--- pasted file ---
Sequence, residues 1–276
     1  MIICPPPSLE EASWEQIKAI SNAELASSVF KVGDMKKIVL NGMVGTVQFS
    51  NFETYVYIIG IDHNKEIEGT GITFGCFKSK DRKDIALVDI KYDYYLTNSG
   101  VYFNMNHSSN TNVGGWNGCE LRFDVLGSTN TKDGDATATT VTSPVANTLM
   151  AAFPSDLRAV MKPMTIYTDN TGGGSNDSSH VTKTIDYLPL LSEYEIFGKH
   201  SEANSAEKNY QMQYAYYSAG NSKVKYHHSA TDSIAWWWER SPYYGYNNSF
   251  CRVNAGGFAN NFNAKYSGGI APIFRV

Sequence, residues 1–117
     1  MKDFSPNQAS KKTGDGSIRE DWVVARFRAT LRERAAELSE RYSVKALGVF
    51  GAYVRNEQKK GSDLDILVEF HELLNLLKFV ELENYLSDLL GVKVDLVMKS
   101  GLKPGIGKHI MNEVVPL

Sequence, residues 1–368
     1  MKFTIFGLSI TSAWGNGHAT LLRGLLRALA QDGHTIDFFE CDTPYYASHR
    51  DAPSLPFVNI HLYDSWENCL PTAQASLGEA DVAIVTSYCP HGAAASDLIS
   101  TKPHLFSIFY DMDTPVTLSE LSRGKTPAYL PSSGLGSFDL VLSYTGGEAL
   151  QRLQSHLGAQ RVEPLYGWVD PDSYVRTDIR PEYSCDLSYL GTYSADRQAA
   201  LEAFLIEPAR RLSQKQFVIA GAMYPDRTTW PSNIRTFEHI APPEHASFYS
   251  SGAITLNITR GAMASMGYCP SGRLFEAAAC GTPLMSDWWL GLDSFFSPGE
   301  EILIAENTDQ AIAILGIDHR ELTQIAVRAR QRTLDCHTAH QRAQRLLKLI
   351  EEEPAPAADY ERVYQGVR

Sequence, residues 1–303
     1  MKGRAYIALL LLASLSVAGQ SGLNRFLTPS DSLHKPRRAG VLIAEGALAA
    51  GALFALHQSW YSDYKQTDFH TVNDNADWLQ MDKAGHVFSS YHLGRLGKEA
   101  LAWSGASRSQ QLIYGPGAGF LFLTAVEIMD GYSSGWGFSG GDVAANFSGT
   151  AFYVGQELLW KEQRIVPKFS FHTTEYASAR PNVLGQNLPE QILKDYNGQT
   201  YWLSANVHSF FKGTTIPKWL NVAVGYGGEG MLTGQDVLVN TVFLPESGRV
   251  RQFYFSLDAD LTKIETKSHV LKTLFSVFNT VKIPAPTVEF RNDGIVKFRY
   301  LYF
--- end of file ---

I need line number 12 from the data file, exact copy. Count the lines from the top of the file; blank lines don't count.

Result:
Sequence, residues 1–368